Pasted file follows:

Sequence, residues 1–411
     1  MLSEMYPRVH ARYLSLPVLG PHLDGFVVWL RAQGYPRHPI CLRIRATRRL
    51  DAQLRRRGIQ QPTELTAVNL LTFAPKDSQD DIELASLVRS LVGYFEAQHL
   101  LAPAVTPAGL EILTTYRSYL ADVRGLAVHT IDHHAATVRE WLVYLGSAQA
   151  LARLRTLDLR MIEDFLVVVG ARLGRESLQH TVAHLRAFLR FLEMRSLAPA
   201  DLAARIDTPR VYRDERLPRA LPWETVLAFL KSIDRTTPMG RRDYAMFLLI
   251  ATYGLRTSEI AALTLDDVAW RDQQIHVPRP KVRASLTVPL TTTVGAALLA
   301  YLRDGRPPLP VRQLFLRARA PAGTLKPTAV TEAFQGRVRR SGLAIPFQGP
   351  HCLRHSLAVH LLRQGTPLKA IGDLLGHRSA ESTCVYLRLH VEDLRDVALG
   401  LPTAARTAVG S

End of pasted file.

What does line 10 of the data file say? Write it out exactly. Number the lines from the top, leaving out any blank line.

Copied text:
   401  LPTAARTAVG S